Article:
|With the LightStage 2 system, Routh sat in a chair while a rotating semicircular arm with 30 Xenon strobe lights swung around him every eight seconds. As the arm moved and the lights strobed, six synchronized Arriflex movie cameras positioned around Routh’s head - two more than for Molina - shot footage at 60 simultaneous frames per second. Because 60 fps doesn’t quite stop motion, the crew bolted the cameras down and braced the actor’s head and neck. “It’s difficult for [people being captured] to hold still, but the more they are still, the sharper the capture,” says Hoover.|
By blending all the images taken by the six cameras at one moment in time, the crew created one texture map to wrap around a 3D model of the actor’s head. “I hesitate to call it imagery, although it is an image,” says John Monos, CG supervisor. “We have algorithms that extract the reflective data stored in the captured images, so the map represents the reflectance of the skin.”
The process produced 480 reflectance map images, 70 Gigabytes of textures, that wrapped the model according to the lighting in a shot. When lighting technical directors (TDs) positioned lights in a scene, a system developed by Imageworks automatically brought in the map with the matching lighting. In other words, put simply, if a TD shined a light on the left side of Superman’s face, the system found a blended map of images shot by the six cameras when the strobe lights pointed at the left side of Routh’s face.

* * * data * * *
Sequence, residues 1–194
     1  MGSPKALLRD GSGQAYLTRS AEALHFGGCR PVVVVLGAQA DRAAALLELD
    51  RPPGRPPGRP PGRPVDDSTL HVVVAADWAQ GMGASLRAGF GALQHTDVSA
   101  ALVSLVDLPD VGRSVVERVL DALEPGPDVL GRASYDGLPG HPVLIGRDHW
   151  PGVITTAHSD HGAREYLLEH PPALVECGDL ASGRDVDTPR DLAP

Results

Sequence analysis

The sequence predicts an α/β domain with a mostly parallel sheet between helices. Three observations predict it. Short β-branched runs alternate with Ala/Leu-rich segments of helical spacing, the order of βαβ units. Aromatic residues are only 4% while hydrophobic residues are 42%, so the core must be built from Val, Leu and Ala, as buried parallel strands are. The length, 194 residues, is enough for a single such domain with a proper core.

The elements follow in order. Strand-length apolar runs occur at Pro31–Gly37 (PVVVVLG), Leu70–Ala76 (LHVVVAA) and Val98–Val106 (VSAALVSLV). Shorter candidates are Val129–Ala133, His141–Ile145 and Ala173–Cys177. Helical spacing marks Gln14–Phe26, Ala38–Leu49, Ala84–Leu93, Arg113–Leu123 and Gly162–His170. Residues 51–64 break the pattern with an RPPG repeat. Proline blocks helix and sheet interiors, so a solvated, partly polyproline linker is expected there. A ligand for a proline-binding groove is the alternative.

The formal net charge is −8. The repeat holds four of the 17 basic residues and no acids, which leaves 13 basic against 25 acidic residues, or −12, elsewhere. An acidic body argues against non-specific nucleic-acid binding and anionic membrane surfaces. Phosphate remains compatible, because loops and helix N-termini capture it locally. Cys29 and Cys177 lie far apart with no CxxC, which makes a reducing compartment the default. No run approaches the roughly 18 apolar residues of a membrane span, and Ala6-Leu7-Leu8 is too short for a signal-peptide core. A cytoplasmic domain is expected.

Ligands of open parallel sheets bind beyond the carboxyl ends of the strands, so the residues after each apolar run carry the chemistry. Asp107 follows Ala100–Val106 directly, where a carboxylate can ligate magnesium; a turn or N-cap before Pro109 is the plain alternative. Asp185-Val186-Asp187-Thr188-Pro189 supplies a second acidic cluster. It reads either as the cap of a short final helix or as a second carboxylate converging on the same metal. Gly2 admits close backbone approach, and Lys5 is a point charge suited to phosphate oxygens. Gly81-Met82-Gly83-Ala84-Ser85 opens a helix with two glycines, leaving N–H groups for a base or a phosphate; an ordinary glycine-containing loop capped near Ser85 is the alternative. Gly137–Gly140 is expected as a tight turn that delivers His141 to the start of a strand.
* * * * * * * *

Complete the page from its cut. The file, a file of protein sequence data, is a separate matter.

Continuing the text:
Because the man of steel didn’t have a frozen face, Imageworks developed algorithms to manage the reflectance data as the face moved - as animators changed digital Superman’s expression. Animators couldn’t work interactively with the photoreal faces. Instead, they had simple shaded models in Maya. But, an Image Based Rendering (IBR) tool provided feedback.“
Part of the difficulty in using IBR is having coverage,” says Monos. “If Routh’s eyes were looking one way, but the animators moved them the other way, it might reveal a portion of the eye that didn’t have good reflectance data. So, we used both IBR and traditional rendering.”
In addition to photographing Routh’s face, the crew motion-captured his body and facial expressions to help animators create the double’s performance. Although Imageworks captured basic body positions - running, walking, arms stretched forward, and flying - they concentrated more intensely on facial capture for close ups of Superman’s head and shoulders. Digital Superman doesn’t talk in the film, but he could have. For facial capture, the team used techniques developed by Imageworks for 'The Polar Express' and 'Monster House'. For scenes of Superman flying, Routh “flew” on wires rigged on a 100-foot long greenscreen stage. Often, though Imageworks’ digital Superman replaced the greenscreen footage in final shots - sometimes completely, sometimes partially. Even so, the greenscreen footage provided reference. Jones also turned to Alex Ross drawings for inspiration. “Ross does comic book poses, but his drawings are from real life,” Jones says. “It was definitely a challenge working out what Superman’s flying pose would be, what happened to his body when he flew. He’s a man of steel, but if he looked too stiff, he’d look CG.”